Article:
Asian Monetary Fund to Debut in March
By Yoon Ja-young
Korea will join in the creation of an Asian version of the International Monetary Fund (IMF) next March by teaming up with with ASEAN member countries and China and Japan, the Ministry of Strategy and Finance said Monday.
The fund based on the Chiang Mai Initiative is expected to enhance member countries' ability to cope with short-term foreign currency volatility triggered by external shocks..
Finance ministers and central bank governors of the ASEAN member states and Korea, China and Japan announced the signing of the Chiang Mai Initiative Multilateralization (CMIM) Agreement, Monday.
The multilateral financial support program, which will make an official debut on March 24, includes the 10 member countries of ASEAN - Brunei, Cambodia, Indonesia, Laos, Malaysia, Myanmar, the Philippines, Singapore, Thailand and Vietnam - and three Northeast Asian countries of Korea, China and Japan.
It is based on the Chiang Mai Initiative (CMI), in which the countries in Asia agreed to support each other with dollar liquidity in times of crisis. The need for the safety net especially increased following the Asian financial crisis, which also hit Korea in 1997.
While the CMI was a Bilateral Swap Arrangement between Vietnam, Cambodia, Laos, Brunei, and Myanmar, and Korea, China and Japan, the agreement this time is a multilateral one between the 13 countries.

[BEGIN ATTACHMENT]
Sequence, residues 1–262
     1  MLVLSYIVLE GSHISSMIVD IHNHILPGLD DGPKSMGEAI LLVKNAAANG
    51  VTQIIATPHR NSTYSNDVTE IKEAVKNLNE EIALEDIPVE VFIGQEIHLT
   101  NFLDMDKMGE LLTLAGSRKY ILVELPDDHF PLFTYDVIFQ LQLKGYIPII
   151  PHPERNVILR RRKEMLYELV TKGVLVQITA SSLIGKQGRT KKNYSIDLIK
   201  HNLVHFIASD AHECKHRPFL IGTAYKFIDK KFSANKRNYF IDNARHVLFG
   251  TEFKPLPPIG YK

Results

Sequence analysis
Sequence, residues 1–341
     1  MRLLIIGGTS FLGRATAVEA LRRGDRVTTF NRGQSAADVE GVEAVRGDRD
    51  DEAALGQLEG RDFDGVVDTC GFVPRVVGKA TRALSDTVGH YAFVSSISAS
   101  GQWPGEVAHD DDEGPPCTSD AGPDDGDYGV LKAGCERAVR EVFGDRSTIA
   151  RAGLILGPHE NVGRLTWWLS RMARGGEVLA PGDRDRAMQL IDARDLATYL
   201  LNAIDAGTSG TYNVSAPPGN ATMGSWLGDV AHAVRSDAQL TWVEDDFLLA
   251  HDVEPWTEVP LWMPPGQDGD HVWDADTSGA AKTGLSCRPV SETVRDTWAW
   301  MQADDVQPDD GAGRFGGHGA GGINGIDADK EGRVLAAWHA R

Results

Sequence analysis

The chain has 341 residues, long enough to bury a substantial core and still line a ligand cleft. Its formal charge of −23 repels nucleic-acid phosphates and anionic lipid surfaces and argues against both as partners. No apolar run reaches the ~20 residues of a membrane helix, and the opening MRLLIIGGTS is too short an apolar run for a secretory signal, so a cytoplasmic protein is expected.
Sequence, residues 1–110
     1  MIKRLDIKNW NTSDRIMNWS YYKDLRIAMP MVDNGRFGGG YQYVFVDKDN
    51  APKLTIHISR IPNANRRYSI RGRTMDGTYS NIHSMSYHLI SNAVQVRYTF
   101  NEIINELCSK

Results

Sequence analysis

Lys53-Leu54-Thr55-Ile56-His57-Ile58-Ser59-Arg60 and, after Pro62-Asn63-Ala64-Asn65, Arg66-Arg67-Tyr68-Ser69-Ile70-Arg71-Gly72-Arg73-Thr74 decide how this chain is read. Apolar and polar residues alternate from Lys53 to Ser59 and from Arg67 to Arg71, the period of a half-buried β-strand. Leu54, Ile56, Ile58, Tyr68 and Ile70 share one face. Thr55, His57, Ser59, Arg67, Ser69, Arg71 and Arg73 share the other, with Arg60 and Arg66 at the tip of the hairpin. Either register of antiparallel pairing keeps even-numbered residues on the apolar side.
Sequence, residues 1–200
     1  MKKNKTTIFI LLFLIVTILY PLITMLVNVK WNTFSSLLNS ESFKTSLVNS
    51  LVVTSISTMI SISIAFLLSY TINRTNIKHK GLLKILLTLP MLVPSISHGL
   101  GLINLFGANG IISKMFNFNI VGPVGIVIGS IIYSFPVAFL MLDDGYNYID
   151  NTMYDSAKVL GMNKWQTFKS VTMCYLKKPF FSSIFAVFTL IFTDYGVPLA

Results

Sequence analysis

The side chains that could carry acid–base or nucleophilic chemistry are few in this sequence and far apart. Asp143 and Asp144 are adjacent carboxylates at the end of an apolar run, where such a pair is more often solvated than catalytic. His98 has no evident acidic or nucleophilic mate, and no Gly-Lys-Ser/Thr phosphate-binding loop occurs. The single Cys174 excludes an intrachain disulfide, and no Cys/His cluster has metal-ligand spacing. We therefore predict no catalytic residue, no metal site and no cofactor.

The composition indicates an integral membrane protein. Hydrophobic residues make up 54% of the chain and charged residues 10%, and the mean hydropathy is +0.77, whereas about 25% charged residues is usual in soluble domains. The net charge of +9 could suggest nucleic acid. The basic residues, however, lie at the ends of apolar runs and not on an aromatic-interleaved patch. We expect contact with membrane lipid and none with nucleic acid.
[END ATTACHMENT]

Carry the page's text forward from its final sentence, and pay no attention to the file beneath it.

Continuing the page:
"At this time, we reiterate the importance of the CMIM in strengthening the region's capacity to safeguard against increased risks and challenges in the global economy," the ministers and central governors of the member countries said in a joint statement.
"The CMIM, with the total size of $120 billion, will provide financial support through currency swap transactions to CMIM parties facing balance of payments and short-term liquidity difficulties," they added in the announcement.
If a member country seeks support, central banks of other member countries will provide dollars, while the recipient country will give its domestic currency in exchange.
For the $120 billion fund, Korea contributed 16 percent or $19.2 billion, while China and Japan provided 32 percent, each. Indonesia, Malaysia, Thailand, Singapore gave 3.97 percent, while the Philippines gave 3.07 percent. Brunei, Cambodia, Laos, Myanmar, and Vietnam accounted for less than 1 percent of the fund.
When Korea suffers a dollar shortage, it can seek up to $19.2 billion in support from the fund.
"Korea took a bigger share in the fund compared to its economic size, setting up ground to expand its influence within the region," the ministry said.
Among ASEAN plus three, Korea accounts for 8 percent of total GDP, and 6.4 percent of the region's total foreign exchange reserves.
"The launch of the CMIM is an important accomplishment upgrading intraregional financial cooperation, including the capability to cope with a short-term liquidity crisis," the ministry added.